Honda Aircraft signed an agreement with FlightSafety International at NBAA’07 for factory-authorized pilot and mechanic training for the HondaJet. Training initially will be offered at Honda Aircraft’s Greensboro, N.C. headquarters but might later be expanded to FlightSafety learning centers, according to Honda Aircraft CEO Michimasa Fujino.
If the HondaJet were being developed by a traditional business jet manufacturer, we would undoubtedly know a lot more about its future. Those who follow new-aircraft projects are used to receiving regular updates on milestones and test results along the way as the manufacturer seeks to reassure stockholders, lure new investors–or both.
Honda Aircraft plans to ramp up to an annual build rate of 100 HondaJets within two years of starting its production line, company CEO Michimasa Fujino announced at a press conference here yesterday. Fujino also announced that the company had signed a master training service agreement with FlightSafety International to provide HondaJet pilot training.
Honda Aircraft plans to ramp up to an annual build rate of 100 HondaJets within two years of starting its production line, company CEO Michimasa Fujino said today at the NBAA Convention. Fujino also announced that the company had signed a master training service agreement with FlightSafety International to provide HondaJet pilot training.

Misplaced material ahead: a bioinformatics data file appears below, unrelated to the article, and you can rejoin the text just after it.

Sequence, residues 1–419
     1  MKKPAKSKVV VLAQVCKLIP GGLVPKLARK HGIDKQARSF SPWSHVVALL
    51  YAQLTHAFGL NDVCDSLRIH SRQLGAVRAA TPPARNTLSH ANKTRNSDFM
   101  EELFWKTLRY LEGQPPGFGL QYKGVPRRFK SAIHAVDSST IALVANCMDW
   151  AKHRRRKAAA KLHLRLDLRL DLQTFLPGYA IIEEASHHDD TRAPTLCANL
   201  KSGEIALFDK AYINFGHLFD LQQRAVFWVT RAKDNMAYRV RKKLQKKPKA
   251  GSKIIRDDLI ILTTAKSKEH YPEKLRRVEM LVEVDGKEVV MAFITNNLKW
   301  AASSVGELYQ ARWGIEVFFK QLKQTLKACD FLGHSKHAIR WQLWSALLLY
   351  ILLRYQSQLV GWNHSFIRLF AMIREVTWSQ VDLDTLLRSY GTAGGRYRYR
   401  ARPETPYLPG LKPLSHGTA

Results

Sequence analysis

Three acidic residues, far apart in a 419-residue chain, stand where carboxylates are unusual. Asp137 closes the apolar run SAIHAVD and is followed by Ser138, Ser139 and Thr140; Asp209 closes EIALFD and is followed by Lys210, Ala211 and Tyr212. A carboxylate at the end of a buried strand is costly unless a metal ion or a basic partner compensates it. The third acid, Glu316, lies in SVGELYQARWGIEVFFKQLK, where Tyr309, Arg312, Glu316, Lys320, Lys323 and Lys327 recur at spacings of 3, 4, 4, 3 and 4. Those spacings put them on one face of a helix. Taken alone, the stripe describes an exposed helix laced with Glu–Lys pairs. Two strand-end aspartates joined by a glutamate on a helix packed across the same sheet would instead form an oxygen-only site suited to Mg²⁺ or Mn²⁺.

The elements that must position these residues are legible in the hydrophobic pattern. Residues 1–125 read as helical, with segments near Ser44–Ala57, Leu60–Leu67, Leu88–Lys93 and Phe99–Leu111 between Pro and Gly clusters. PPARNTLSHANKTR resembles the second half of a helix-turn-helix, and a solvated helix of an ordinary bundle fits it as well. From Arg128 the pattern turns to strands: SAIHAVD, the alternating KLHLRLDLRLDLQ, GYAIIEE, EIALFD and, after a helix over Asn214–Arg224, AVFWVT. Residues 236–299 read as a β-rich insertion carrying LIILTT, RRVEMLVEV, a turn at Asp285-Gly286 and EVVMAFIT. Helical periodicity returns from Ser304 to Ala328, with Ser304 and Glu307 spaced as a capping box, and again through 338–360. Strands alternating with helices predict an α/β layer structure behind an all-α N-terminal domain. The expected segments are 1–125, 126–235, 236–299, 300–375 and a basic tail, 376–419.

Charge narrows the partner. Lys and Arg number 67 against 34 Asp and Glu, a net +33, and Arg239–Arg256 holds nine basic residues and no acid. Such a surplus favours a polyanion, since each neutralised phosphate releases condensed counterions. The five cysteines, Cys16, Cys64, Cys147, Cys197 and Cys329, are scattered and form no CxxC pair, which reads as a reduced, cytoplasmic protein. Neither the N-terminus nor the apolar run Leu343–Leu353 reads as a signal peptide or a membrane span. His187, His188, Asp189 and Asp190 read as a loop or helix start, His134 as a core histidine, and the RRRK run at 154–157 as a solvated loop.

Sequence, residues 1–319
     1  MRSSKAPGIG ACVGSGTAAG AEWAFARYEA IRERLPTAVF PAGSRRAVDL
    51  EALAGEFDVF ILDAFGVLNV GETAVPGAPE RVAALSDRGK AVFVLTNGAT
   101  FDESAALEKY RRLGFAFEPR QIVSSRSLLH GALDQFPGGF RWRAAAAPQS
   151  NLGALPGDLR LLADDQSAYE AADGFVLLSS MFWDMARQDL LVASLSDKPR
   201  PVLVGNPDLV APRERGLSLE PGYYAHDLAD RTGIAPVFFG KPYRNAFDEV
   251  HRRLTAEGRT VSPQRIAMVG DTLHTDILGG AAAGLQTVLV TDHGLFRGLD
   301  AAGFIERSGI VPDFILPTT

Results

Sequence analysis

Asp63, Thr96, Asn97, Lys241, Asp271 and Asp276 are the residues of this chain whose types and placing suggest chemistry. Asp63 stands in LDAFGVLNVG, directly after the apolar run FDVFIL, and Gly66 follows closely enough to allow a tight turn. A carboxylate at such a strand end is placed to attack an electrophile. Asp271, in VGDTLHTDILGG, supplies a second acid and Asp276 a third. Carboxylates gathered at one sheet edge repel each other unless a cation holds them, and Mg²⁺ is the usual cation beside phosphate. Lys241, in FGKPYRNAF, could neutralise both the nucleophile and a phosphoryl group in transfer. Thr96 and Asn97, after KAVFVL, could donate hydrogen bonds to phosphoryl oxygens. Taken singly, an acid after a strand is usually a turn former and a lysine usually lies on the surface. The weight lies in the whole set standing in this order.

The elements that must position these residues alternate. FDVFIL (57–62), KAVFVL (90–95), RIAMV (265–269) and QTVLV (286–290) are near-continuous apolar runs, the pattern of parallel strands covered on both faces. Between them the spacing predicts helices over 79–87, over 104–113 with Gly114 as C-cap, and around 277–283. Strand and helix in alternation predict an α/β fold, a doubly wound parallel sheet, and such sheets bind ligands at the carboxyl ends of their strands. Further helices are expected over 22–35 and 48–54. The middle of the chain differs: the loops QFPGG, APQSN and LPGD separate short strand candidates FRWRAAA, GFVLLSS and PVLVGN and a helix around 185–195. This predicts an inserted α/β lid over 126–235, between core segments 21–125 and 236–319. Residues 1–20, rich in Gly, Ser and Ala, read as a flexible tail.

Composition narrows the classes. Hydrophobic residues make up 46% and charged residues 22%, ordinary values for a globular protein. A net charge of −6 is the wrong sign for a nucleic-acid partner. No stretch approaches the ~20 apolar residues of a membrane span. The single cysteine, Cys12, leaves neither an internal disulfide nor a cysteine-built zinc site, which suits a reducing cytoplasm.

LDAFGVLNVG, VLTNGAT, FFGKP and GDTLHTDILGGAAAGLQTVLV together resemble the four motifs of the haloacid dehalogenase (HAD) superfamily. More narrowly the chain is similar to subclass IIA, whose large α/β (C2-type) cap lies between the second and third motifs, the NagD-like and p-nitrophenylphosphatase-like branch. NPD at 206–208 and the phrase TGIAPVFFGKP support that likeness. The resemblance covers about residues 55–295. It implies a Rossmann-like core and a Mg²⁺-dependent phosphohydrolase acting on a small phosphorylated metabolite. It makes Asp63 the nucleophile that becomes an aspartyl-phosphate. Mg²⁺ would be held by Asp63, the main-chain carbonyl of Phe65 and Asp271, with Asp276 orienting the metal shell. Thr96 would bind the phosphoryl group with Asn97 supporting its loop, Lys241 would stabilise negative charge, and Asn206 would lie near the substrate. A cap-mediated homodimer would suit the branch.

In designing a new sub-10,000-pound business jet, Honda designer Michimasa Fujino took an unusual approach. Most start-up aircraft companies begin with
As preparations continue for the construction of Honda Aircraft’s new world headquarters building in Greensboro, N.C., Honda engineers are refining the aircraft design and laying the groundwork for more prototypes.
On June 27, Honda Aircraft president and CEO Michimasa Fujino and local officials held a groundbreaking ceremony for the company’s new world headquarters at Piedmont Triad International Airport in Greensboro, N.C.
Honda added another element to the business plan for its aviation ventures last month, when the Japanese carmaker announced the formation of Honda Aero Inc., a subsidiary of Honda Motor Co. Led by Junichi Araki, the new business unit will employ only about 10 people and is scheduled to begin operations by year-end at a U.S. location to be determined.
The Experimental Aircraft Association AirVenture at Oshkosh, Wis., next month will be the site for the first public viewing of the HondaJet, an experimental very light jet which has quietly been under development for several years at a Honda research facility at Piedmont Triad Airport in Greensboro, N.C. The jet, powered by two GE Honda HF118 turbofans, made its first flight in December 2003.
Honda Aircraft announced this morning deals with three major component suppliers for the HondaJet. GKN Aerospace of Tallassee, Ala., will supply the structural subassembly for the fuselage, while Avcorp of Delta, British Columbia, will provide the wing structure sub-assembly. Both are major suppliers of civil and defense aerospace systems and components.